Starting a New Project

May 16, 2017
3 Minute Read

I've been having an itch lately to get working on a new side project.

A little over a year ago I built a recipe site for Lauren and I to use to try to consolidate all our recipes. Our recipes are mixed around between Evernote, Google Drive, and random browser bookmarks. It isn’t the most efficient system and when once of us ends up cooking, it’s not always easy to remember where the recipe is stored. I built a little tool using Ruby on Rails and deployed it. It worked, but it was kind of clunky, not all that pretty, and rather quickly I forgot about it.

The initial version was primarily meant to be a down and dirty version of it. Get it to work and then optimize it and make it better later. I even built it with the idea that people could download it and install it on their own servers if they like. While there are other services out there, it’d be nice to know that you control the data & recipes so that you don’t have to worry about the services shutting down and all your saved recipes go out the window. If you hadn’t guessed, the improvements never ended up happening. The code worked, but that was about the extent of it. It also didn’t help that Lauren and I ended up buying a house and had project after project lined up, which took up much of our time. So now I’m looking into reviving the project. I ended up shutting down the server it was running on, and I’m pretty much just going to throw out the old code and start fresh.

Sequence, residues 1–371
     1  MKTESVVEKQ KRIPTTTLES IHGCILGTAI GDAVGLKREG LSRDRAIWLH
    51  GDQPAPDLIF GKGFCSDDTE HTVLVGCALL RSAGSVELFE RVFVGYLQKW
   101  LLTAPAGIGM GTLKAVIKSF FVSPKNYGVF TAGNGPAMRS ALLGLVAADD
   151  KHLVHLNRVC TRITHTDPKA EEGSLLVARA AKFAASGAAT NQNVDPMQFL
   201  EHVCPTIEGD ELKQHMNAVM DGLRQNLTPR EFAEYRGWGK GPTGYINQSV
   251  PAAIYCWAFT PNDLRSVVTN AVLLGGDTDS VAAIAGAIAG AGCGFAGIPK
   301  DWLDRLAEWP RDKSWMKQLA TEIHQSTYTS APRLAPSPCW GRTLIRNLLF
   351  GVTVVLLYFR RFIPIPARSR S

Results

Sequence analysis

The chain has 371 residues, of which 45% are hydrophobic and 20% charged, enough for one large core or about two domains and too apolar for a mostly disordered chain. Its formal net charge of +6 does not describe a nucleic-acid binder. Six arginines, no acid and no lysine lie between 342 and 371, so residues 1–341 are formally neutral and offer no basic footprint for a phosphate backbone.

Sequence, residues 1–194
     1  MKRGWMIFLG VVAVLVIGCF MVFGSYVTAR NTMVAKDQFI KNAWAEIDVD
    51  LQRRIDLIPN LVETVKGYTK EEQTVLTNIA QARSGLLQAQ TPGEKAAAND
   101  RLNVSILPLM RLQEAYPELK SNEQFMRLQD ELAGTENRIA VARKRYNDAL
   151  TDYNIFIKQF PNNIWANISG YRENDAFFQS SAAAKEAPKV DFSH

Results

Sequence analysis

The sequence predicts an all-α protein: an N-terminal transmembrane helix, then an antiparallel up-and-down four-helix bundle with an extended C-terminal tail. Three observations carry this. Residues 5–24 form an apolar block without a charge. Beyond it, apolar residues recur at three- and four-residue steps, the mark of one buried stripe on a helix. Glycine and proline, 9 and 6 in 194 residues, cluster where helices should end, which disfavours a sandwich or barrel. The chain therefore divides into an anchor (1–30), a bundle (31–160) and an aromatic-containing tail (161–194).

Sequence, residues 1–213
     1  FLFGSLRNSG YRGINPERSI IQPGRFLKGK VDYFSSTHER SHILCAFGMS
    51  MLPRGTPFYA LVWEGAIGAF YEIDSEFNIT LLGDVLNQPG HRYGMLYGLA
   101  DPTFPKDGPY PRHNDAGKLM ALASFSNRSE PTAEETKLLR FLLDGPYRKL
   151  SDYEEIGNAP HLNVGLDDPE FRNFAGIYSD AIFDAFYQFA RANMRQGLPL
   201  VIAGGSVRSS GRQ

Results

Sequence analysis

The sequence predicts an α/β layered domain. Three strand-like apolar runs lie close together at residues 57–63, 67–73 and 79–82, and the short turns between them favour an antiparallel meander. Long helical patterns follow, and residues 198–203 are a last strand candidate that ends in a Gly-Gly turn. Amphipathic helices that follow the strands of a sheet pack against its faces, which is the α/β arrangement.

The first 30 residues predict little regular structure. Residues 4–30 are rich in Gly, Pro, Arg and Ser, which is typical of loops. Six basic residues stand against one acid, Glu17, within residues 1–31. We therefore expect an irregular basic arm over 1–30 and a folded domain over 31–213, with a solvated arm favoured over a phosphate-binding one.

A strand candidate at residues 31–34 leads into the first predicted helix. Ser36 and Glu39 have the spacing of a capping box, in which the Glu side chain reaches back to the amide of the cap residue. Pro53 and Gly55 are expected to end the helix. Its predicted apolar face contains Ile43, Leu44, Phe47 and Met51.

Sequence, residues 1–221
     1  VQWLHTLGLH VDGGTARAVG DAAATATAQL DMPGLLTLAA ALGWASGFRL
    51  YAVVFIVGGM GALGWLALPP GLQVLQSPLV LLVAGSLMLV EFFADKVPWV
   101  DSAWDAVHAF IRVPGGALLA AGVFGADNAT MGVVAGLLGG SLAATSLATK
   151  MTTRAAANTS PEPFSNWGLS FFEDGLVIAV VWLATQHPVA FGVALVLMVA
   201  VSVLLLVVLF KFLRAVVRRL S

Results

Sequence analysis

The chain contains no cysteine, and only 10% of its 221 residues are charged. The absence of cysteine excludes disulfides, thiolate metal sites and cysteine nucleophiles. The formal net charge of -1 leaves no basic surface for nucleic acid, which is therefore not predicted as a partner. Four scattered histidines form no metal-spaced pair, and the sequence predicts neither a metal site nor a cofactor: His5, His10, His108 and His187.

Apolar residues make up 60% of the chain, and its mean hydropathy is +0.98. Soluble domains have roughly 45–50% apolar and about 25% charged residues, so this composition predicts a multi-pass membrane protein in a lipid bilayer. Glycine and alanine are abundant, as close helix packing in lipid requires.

I built a quick outline of it in Ruby on Rails 5.1, but I also haven’t fully committed to using Ruby on Rails. It has been a long time since I really had a side project to work on. My last big side project was OpenVoter, the Digg-clone CMS. I built that using PHP, which on a side note, was actually how I learned PHP. Since then, I haven’t really done much development outside of work where I develop in the .NET stack with some Javascript as well. Part of me feels overwhelmed looking at what platforms and libraries are out there between React, Node.js, Angular.js, and countless others. I’ve been battling my urge to go all gung-ho into this and to also do research into the different options to see what would be best. I also haven’t decided whether I want the whole project to be a CMS to download and install like before, or whether I want to do the platform route. My inclination is to continue the route of making it downloadable and installable on private servers like before, but the social aspect of allowing a central server is appealing.

Either way, over the next couple of months, I’m hoping to get some work done on it and hopefully nailing down how I’m going to build it, what languages and frameworks I’m going to use, and maybe even a working prototype. Stay tuned.